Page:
The previous analysis made the claim that light from D must travel an additional distance, l, compared with the distance the light must travel from A. This is the claim made by Terrell in his 1959 paper, but it assumes small angular separation. It is valid if the object is very small, or equivalently, if the observer is at infinity; the extra distance for the light to travel is negligible, and Terrell's result stands. However if the angular size is large, then it becomes significant -- see the picture; OD' is clearly longer than OD.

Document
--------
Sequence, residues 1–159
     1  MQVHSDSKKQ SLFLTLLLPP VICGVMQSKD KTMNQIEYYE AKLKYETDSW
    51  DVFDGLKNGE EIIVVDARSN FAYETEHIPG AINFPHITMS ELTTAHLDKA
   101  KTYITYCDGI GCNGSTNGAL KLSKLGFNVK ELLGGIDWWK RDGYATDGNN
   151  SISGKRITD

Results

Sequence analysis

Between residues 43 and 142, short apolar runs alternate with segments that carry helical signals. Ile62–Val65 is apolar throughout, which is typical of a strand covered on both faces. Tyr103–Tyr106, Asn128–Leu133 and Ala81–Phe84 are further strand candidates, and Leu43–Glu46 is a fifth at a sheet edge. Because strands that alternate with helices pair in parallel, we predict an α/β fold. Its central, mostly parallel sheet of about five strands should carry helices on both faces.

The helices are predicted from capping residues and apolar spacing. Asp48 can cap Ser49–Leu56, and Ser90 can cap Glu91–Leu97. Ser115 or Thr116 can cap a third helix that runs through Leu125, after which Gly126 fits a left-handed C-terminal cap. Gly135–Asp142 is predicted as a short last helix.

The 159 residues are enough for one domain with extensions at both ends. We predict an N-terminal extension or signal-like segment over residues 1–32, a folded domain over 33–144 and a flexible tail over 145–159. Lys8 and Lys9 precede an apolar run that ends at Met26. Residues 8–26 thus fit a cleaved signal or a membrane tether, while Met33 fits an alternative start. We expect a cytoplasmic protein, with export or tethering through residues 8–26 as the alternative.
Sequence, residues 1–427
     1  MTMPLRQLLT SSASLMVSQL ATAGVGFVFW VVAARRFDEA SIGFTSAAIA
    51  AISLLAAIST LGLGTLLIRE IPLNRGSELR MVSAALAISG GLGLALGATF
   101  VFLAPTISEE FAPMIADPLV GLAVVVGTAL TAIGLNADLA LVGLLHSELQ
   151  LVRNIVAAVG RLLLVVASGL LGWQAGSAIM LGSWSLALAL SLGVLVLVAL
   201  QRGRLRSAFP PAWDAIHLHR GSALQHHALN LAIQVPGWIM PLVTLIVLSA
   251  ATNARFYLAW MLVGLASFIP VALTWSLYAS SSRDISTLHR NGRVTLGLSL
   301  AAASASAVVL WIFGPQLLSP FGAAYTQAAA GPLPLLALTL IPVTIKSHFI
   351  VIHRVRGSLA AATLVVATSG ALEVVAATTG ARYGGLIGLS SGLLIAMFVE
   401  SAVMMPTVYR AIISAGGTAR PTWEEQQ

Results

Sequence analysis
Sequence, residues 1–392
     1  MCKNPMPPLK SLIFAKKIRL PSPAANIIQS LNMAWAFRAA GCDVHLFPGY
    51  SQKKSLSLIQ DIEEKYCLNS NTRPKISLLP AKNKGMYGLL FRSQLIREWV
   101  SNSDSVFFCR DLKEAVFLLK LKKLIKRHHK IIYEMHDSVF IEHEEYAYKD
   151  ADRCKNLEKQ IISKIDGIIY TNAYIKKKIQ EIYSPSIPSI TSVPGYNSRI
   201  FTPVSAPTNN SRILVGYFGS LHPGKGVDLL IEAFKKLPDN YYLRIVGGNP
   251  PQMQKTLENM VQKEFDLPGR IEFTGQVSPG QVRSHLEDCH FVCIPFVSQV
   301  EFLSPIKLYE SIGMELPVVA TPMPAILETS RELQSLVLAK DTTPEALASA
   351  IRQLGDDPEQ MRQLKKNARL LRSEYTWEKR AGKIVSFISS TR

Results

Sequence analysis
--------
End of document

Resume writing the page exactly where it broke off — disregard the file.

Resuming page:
We could solve for h as follows: h=v(t_D' - t_A) where v is the velocity of the observer, t_D', the time for light to travel from D' and t_A similarly the time for light to travel from A. Where, t_A = OA/c (the length of OA), and T_D'= (OA - OD')/c and OD' is given by OD'=[ (y_A + l)^2 + (x_A + h)^2 ]^(1/2) with x_A and y_A the x and y components of OA. This becomes a quadratic in h that has real roots for small values of l compared with x_A.
But there is a nicer way to solve the problem. This method also explains the apparent curvature of lines perpendicular to the direction of motion, and the aberration of solid angle.